Tatiana , a 4-year-old Siberian tiger fatally attacked one zoo visitor and injured two others at the San Francisco Zoo last Christmas afternoon. She had to be killed by police officers . "She was everything that a tiger is supposed to be," says big-cat expert Ronald Tilson. "She was essentially shot and killed for being a tiger."
Yet , this was not a one-off incident. An year ago, Tatiana mauled her keeper, devouring the flesh from her arm. Should Tatiana have been put down at that time , is what is haunting zoo officials now.
"There was no reason whatsoever," says Tilson, director of conservation at the Minnesota Zoo. Since 1987 , he has been overseeing the tiger species survival plan of the Association of Zoos and Aquariums.
Louis Dorfman, an animal behaviorist with the International Exotic Feline Sanctuary in Boyd, Texas, supports the idea that Tatiana posed no greater danger than she had before Dec. 22, 2006 . Then, she had reached under the bars of her cage and seized the arms of zoo employee Lori Komejan as dozens of people watched.
"We have 60 cats here," Dorfman says . "Any one of them would have done the same thing. But they would forget about it 15 minutes later. They don't dwell on things. The only thing they dwell on is if someone mistreated them."
Manuel Mollinedo, executive director of the San Francisco Zoo, says :"There was never any consideration for putting her down - the tiger was acting like a normal tiger."
Tatiana was born in the Denver Zoo on June 27, 2003, and donated to San Francisco in December 2005 .
Tilson, who is responsible for the 147 Siberians, or Amurs, that live in more than 60 AZA-accredited zoos in North America, says :"I'm the one who made the recommendation for her to be born in Denver. I'm the one who made a recommendation to send her to San Francisco. I feel personally involved with all of this. To me, it's very disconcerting and very upsetting."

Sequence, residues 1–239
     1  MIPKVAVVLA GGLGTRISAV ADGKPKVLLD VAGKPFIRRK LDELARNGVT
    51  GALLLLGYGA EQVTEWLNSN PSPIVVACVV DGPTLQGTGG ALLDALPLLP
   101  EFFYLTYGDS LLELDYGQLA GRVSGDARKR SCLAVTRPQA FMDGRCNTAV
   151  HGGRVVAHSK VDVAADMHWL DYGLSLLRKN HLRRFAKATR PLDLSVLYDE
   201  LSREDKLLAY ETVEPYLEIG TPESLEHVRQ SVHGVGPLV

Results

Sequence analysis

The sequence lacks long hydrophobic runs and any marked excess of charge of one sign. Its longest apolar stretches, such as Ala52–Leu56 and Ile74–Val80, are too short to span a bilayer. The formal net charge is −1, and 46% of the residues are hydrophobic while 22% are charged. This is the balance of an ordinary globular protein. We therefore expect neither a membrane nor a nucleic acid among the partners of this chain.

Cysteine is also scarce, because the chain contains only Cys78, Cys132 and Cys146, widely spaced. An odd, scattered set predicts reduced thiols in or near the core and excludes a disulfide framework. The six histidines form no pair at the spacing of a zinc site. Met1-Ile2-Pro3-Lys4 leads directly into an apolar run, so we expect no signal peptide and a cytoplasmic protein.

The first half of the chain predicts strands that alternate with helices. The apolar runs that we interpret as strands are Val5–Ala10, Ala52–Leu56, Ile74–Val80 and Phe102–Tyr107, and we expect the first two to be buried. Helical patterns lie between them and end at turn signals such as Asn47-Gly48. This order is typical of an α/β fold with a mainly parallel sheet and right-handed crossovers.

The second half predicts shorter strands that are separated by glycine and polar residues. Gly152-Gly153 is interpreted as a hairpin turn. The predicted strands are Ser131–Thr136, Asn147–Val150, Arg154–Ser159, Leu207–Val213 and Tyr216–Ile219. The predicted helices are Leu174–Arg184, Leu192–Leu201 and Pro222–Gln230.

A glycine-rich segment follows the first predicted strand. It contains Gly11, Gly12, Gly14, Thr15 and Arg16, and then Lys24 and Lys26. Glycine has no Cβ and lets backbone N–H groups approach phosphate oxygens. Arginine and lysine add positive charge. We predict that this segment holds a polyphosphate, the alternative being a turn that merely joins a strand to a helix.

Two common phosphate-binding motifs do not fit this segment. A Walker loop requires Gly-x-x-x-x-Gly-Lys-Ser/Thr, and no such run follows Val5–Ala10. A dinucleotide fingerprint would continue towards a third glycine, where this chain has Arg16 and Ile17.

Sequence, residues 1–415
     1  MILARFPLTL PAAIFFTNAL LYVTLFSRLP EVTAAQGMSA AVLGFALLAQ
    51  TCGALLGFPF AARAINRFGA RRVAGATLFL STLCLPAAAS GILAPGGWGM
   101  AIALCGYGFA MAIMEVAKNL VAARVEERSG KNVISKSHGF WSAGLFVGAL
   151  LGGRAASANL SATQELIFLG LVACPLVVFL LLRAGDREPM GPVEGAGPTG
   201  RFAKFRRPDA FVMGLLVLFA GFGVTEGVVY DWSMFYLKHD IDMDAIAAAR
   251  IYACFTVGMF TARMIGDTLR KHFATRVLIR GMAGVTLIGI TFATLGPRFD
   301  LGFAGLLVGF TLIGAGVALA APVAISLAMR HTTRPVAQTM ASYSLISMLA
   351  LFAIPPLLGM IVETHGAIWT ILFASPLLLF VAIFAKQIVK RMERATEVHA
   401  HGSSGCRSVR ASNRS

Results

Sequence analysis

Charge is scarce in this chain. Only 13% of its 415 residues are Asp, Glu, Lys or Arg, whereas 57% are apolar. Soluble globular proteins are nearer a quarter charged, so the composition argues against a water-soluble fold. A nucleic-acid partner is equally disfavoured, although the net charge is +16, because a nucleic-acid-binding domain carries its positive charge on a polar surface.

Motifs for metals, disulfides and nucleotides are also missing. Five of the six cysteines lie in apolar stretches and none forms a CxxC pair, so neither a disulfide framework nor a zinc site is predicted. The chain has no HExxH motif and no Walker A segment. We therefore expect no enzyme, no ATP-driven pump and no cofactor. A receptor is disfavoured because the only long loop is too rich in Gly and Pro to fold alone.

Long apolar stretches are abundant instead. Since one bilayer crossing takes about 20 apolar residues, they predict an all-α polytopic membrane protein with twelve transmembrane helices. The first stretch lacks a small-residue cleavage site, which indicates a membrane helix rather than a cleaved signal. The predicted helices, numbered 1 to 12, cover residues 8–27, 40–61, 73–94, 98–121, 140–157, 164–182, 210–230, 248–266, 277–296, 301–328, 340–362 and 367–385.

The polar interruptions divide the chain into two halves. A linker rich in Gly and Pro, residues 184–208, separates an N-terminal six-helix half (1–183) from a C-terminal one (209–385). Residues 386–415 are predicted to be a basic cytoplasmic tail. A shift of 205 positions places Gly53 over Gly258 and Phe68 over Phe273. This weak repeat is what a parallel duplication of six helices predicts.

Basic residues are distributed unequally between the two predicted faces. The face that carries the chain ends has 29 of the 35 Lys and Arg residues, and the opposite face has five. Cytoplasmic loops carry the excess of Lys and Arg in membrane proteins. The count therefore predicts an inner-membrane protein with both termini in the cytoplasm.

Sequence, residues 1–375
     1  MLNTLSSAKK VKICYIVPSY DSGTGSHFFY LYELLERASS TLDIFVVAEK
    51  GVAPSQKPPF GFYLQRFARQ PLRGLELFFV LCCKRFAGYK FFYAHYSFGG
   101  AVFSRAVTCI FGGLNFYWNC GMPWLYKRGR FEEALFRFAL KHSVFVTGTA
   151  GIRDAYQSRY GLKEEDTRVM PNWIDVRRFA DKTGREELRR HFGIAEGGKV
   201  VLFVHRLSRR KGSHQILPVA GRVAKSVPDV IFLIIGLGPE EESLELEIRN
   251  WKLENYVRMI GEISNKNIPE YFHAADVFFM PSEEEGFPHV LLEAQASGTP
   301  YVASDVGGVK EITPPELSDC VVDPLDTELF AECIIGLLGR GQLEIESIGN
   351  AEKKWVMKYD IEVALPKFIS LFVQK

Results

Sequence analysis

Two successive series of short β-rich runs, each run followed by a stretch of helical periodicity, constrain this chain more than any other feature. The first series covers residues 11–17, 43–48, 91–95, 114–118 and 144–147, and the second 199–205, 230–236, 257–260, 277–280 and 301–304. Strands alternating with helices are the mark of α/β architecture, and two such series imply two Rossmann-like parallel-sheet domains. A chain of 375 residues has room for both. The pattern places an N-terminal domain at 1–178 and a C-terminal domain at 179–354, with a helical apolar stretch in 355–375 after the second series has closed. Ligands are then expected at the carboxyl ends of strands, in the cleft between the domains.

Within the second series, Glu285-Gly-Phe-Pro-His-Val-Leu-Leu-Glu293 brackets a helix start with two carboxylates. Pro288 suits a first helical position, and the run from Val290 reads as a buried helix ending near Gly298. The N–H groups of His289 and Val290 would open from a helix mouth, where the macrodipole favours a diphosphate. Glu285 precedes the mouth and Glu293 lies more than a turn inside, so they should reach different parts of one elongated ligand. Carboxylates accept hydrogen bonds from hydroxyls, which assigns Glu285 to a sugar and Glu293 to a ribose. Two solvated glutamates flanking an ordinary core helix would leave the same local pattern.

Tilson says he cannot recall a tiger ever getting out of its enclosure and killing a zoo visitor. He adds that Tatiana's behavior, once she escaped, was very much in keeping with her species. "She was an alpha predator in her environment . She was killing mammals and eating meat."
Tilson says any loose zoo animal would want to return to its habitat and would become upset, disoriented, frightened - and potentially dangerous.
"Once the animal is out of its primary enclosure, it's pretty much shoot to kill . You don't have a discussion - you kill it. A tranquilizer gun would take too long and you might miss", he says.
Dorfman described the Christmas carnage as extraordinarily rare.
"Anything they perceive as a danger they're going to strike at," he notes. "That's their instinct. If everyone would stand perfectly still and not make any movement, the cat wouldn't hurt anybody."
Tilson says the AZA's accreditation committee will now look at how the big cats are housed at the San Francisco Zoo.
It is recommended that a tiger moat should be a minimum of 7 meters (almost 23 feet) wide at the top and a minimum of 5 meters high (16.4 feet) on the visitors' side, with a fence at least 5 meters high.
Mollinedo, who took over in early 2004, says that he asked staff members after the Christmas attack whether any big cat had ever jumped the moat or escaped the grotto, and no one could recall anything like that happening.